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HAVBRUK2-Stort program for havbruksforskning

Regional adipose tissue depots in Atlantic salmon and their importance to fish health

Alternative title: Betydning av ulike fettvevsdepoter for helsen til Atlantisk laks

Awarded: NOK 8.0 mill.

The shift in composition of traditional Atlantic salmon diets from low fat diets rich in marine ingredients to today's high fat diets rich in plant ingredients has resulted in increased fat deposition in the fish. These nutritional changes have led to a reduced content of the healthy omega-3 fatty acids (EPA and DHA), as well as Zn levels in the feeds. All these factors increase the risk of unhealthy fat deposition. There is evidence relating an excessive fat deposition in certain body regions with a less robust fish. This might therefore contribute to the 15 to 20% mortalities found in the seawater phase of salmon life cycle. These mortalities represent an extremely important issue to both, fish welfare and the industries’ economy. In salmon, adipose tissue develops within distinct regions in the body called depots. In the present project we will focus on three of the largest depots; visceral (VAT), dermal (dAT), and dorsal subcutaneous (DSAT). In mammals, these different depots are functionally and biologically different from each other and they present different associations with health and disease. For instance, intraabdominal visceral adipose tissue is a major contributor to metabolic inflammatory risk, while subcutaneous adipose tissue may have a protective role. In addition, dermal and subcutaneous adipose tissue play a pivotal role in skin repair and regeneration and thereby have a critical role in response to wound healing. This project will gain insight into the function and physiology of the aforementioned fat depots: VAT, dAT, and DSAT. By using both, in vivo and in vitro approaches, we will be able to study their role in metabolic inflammation, skeletal deformities, and wound healing and how dietary changes can affect these processes.

Fish mortality is a major challenge for the Aquaculture industry, with an annual 14.8 % mortality rate in 2020. Important causes include fatality related to mechanical handling, such as delousing (sea-lice also often cause skin wounds), infections, as well as non-transmittable diseases. Related to the latter, adult fish may develop excess fat deposition in different fat depots which are risk factors for development of low-grade metabolic inflammation and skeletal deformities. The level of fat, plant protein, and plant oil has increased in the diet of farmed salmon and the healthy omega-3 fatty acids eicosapentaenoic acid (EPA) and docosahexaenoic acid (DHA) and Zink has decreased. All these factors increase the risk of unhealthy lipid deposition in fat depots. Adipose tissue depots are complex organs, comprised of several different cell types, including mature adipocytes, preadipocytes, fibroblasts, immune cells, and adipose stem cells. Based on the anatomical distribution, adipose tissue can be classified in different types. In HealthyFat, we aim to decipher important novel mechanisms of three important fat depots, dorsal subcutaneous adipose tissue (DSAT), visceral adipose tissue (VAT), and dermal adipose tissue (dAT) and their role in metabolic inflammation, skeletal deformities, and wound healing capacity which are major contributors to A. salmon health and disease. HealthyFat will provide knowledge about different adipose tissue depot development, their heterogeneous composition and distribution, and their main metabolic pathways. The potential effects of cetoleic acid, EPA, DPA, DHA, and Zinc on the modulation of these functions will be assessed. Understanding the relationship between the different adipose depots and how changes in diet composition affect skin strength, wound healing capacity, bone tissue repair, and metabolic inflammation are important information for the aquaculture to secure fish production while mantaining fish health and welfare.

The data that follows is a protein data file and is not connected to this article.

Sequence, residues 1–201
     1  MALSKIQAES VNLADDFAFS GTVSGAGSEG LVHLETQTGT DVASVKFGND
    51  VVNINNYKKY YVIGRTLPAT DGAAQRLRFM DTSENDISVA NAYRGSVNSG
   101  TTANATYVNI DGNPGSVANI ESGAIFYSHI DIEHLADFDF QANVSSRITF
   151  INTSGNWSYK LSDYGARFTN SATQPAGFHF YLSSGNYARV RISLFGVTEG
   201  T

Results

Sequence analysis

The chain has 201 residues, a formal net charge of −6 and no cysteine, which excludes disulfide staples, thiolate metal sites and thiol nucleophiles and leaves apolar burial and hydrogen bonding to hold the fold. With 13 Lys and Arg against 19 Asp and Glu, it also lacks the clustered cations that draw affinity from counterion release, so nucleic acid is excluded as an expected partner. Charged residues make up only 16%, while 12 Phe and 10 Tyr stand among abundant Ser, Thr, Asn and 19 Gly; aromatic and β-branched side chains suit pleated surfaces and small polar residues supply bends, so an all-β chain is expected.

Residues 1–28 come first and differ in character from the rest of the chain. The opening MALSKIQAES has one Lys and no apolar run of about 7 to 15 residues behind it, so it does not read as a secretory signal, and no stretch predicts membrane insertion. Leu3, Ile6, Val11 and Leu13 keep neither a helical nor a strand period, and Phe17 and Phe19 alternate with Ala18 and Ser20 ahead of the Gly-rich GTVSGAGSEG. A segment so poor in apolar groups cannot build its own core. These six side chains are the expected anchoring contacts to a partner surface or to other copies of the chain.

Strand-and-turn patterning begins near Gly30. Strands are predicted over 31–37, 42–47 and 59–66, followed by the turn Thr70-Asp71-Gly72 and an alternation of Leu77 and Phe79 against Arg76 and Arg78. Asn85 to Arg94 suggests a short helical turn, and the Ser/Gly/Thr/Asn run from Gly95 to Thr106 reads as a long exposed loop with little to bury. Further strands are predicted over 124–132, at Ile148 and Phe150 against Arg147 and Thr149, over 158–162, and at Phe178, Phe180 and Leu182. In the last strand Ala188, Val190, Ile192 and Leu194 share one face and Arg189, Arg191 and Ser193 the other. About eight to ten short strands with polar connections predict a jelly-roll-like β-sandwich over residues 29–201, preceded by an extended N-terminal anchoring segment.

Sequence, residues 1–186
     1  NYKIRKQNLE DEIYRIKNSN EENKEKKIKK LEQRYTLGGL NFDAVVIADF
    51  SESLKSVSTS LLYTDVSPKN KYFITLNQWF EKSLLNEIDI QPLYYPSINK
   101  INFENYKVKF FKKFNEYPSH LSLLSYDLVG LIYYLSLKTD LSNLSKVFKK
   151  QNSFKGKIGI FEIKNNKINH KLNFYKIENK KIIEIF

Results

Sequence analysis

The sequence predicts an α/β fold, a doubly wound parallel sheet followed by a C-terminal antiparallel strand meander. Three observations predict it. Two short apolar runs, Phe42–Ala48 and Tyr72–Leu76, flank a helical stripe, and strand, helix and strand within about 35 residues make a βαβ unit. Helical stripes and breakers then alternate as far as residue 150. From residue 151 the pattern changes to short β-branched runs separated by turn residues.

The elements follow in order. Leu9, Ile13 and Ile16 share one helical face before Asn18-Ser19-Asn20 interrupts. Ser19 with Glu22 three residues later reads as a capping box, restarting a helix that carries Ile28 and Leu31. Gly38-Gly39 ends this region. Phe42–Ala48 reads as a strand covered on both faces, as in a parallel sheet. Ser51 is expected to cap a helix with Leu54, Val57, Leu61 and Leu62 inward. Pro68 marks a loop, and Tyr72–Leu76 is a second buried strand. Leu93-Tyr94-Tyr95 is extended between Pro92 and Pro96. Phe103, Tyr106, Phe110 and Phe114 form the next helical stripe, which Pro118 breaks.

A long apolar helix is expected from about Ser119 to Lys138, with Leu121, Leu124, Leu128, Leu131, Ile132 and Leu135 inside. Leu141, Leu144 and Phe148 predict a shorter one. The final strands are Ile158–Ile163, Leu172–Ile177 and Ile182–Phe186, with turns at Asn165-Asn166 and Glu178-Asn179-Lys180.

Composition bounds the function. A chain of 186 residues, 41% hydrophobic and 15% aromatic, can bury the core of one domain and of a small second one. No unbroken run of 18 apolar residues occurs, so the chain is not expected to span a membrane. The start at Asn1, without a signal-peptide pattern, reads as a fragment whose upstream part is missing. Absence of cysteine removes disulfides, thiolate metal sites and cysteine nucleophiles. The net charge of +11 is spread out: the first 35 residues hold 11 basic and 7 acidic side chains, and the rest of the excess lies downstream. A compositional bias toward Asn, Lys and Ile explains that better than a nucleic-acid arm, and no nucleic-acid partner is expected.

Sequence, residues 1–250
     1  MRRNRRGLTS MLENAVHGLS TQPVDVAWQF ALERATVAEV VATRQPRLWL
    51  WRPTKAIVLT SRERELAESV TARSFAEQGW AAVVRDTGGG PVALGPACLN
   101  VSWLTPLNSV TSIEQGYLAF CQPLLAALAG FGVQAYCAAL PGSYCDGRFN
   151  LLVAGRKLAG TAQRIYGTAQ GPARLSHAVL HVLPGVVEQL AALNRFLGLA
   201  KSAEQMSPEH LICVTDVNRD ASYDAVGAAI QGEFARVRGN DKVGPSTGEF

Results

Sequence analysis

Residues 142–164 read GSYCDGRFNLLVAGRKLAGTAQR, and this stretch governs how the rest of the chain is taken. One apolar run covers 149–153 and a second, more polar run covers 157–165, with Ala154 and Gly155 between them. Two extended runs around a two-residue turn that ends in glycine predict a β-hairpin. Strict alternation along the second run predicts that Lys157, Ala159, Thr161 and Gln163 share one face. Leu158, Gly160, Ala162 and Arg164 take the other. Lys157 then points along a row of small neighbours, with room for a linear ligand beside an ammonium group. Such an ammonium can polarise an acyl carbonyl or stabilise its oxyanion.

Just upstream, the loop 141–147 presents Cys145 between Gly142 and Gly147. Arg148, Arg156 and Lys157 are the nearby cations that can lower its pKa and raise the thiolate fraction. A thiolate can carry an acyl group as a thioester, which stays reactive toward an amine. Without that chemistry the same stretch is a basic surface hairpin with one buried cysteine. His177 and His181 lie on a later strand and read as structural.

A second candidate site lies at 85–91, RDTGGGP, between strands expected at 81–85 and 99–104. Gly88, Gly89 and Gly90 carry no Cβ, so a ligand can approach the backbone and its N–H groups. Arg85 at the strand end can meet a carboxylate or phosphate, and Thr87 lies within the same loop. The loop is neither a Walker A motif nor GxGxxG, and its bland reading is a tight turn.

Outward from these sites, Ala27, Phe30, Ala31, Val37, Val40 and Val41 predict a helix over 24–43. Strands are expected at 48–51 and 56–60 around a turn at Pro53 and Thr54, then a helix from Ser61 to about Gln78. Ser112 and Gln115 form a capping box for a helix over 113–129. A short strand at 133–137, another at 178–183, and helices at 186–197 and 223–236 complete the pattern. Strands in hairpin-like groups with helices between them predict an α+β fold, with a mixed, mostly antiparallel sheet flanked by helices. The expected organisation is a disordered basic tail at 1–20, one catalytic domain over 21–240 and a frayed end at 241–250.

Funding scheme:

HAVBRUK2-Stort program for havbruksforskning